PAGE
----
Moses Tule

James Emejo in Abuja
The Director, Monetary Policy Department, Central Bank of Nigeria (CBN), Mr. Moses Tule, yesterday said it would be wrong to expect the apex bank to singlehandedly address the depreciating naira without complementary efforts by the fiscal authorities and Nigerians in general.

He said the value of the local currency will probably continue to fall in the short term until there are significant efforts to produce and export in order to earn foreign exchange as well as reduce undue pressure on the naira.
He said: “When you don’t export, then expect a fall in the value of the naira,” adding that there’s nothing the CBN can do about it.

Speaking in Abuja at the 12th business managers’ round-table themed, “The Realities of the Nigerian Economy: Recession and the Way Forward,” which was organised by the Chartered Institute of Bankers of Nigeria (CIBN), the CBN Director also said the Monetary Policy Committee (MPC) of the apex bank had issued early signals indicating that the economy was nearing a recession unless drastic efforts were taken by the fiscal authorities.

He noted that even when interest rate was relatively low in commercial banks as a result of the CBN intervention, the fiscal authorities failed to complement the efforts.

He, however, praised the resilience of the informal sector of the economy in holding through the current recession and moderating its harsh impact on Nigerians.
He said a quick fix to the present economic predicament was unlikely largely because past governments had not done the right thing to diversify from oil.

Tule told journalists: “As you saw in the presentation we made, from September 2015 on consistent basis, the MPC had made allusions that imperatives for coordinating fiscal and monetary policy couldn’t be overemphasised.

“I think especially in a recession and we have desperate policies: every policy angle is going in a different direction: there’s no way the country could get out of recession.”
Notwithstanding, he said there had been remarkable improvements on the part of the fiscal authorities to quicken an early exit from recession.

He said: “I wouldn’t agree that there’s no improvements in fiscal policy, there’s so much happening but I think the onus is on the fiscal authority to publicise what they’re doing.
“They are doing a lot already. But perhaps in a recession like this, you really need to blow your trumpet because what you need is building confidence. The louder the trumpet, the greater the number of people the sound reaches.”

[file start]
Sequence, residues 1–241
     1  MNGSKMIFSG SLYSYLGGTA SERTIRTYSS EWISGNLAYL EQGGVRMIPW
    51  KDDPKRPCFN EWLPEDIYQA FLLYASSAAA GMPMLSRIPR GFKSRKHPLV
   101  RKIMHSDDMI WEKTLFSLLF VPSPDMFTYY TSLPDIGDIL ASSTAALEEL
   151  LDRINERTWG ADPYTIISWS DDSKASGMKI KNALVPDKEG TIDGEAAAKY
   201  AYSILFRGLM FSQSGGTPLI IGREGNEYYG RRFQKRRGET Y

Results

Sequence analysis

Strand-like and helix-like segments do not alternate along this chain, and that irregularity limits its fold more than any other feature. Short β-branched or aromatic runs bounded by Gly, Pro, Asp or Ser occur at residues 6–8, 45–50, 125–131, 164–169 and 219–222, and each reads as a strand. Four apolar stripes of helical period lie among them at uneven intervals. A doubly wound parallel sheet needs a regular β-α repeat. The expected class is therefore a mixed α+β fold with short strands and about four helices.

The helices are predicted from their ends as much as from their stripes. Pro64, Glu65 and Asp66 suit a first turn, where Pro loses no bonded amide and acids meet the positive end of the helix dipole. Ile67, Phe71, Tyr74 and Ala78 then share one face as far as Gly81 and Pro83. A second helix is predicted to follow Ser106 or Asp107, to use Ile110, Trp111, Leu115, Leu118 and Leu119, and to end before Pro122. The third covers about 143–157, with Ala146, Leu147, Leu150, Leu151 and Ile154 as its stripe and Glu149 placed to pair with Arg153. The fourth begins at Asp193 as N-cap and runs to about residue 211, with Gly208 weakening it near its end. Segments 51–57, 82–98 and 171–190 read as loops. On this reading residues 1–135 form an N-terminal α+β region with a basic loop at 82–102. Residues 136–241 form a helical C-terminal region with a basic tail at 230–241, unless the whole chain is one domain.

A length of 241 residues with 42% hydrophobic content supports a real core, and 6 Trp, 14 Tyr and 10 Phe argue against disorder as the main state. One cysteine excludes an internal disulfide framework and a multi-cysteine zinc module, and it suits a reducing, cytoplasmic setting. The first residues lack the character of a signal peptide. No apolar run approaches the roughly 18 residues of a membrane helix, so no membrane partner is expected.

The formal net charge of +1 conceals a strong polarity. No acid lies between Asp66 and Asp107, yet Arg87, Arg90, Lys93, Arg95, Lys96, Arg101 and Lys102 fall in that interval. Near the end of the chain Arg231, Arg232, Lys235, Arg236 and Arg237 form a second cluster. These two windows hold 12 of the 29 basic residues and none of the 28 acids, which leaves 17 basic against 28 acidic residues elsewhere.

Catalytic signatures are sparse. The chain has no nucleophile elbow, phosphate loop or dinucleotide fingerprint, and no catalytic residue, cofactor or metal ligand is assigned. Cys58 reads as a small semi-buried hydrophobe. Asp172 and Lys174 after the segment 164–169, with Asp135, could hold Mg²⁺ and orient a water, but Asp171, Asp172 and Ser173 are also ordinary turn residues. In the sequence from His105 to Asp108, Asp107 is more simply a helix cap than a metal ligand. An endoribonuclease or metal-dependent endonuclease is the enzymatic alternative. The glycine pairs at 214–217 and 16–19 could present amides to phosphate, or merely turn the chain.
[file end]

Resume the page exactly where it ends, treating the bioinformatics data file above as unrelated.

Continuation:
He also said the current situation called for an array of interventions from the fiscal side.
According to him, “There’s no way out because fiscal policy management provides the leadership for macroeconomic management in any country. Monetary policy only comes as complementary policy.

“In all climes, fiscal policy provides the leadership and when monetary policy has reached its ends, and it could no longer stimulate output growth, fiscal policy must step in with huge injection and this is not a new recommendation, the fiscal authorities are aware of this but as you are aware, government is looking for external funding to do exactly this.”

However, an associate Professor of Finance and Head, Banking & Finance, Department, Nasarawa State University, Keffi, Dr. Uche Uwaleke, said the CBN has the responsibility of channelling excess funds in the system to the real sector to help jump start growth instead of resorting to monetary tightening at all times.

In an interview with THISDAY at the round-table, he said the CBN could help “ease monetary policy a bit to see how it can help to restart growth in the economy”.

He said: “I don’t agree that monetary policy is completely handicapped as far as exiting recession is concerned. Now, look at the monetary tightening policy the CBN had been adopting since January- they had an MPC meeting in March where they increased policy rate from 11 percent to 12 percent and in July the MPR was again increased to 14 percent.
“Now, in spite of these sustained Increases in MPR, inflation rate has not come down and what does that tell you…it tells you monetary policy tightening should be revisited.”